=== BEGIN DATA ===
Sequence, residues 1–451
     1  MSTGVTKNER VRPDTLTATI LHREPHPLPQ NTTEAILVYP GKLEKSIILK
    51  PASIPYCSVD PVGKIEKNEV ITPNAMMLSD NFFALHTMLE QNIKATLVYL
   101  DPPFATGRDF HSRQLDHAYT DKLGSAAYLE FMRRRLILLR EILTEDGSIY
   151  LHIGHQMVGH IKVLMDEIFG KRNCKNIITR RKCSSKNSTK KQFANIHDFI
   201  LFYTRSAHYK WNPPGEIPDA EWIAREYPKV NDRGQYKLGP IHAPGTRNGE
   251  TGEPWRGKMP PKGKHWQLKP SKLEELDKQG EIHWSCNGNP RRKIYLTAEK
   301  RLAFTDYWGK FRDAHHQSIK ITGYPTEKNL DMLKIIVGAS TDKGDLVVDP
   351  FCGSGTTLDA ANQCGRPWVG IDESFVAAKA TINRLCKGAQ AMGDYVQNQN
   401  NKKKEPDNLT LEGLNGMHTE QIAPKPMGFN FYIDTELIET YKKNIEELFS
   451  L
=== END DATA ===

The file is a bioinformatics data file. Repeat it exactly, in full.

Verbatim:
Sequence, residues 1–451
     1  MSTGVTKNER VRPDTLTATI LHREPHPLPQ NTTEAILVYP GKLEKSIILK
    51  PASIPYCSVD PVGKIEKNEV ITPNAMMLSD NFFALHTMLE QNIKATLVYL
   101  DPPFATGRDF HSRQLDHAYT DKLGSAAYLE FMRRRLILLR EILTEDGSIY
   151  LHIGHQMVGH IKVLMDEIFG KRNCKNIITR RKCSSKNSTK KQFANIHDFI
   201  LFYTRSAHYK WNPPGEIPDA EWIAREYPKV NDRGQYKLGP IHAPGTRNGE
   251  TGEPWRGKMP PKGKHWQLKP SKLEELDKQG EIHWSCNGNP RRKIYLTAEK
   301  RLAFTDYWGK FRDAHHQSIK ITGYPTEKNL DMLKIIVGAS TDKGDLVVDP
   351  FCGSGTTLDA ANQCGRPWVG IDESFVAAKA TINRLCKGAQ AMGDYVQNQN
   401  NKKKEPDNLT LEGLNGMHTE QIAPKPMGFN FYIDTELIET YKKNIEELFS
   451  L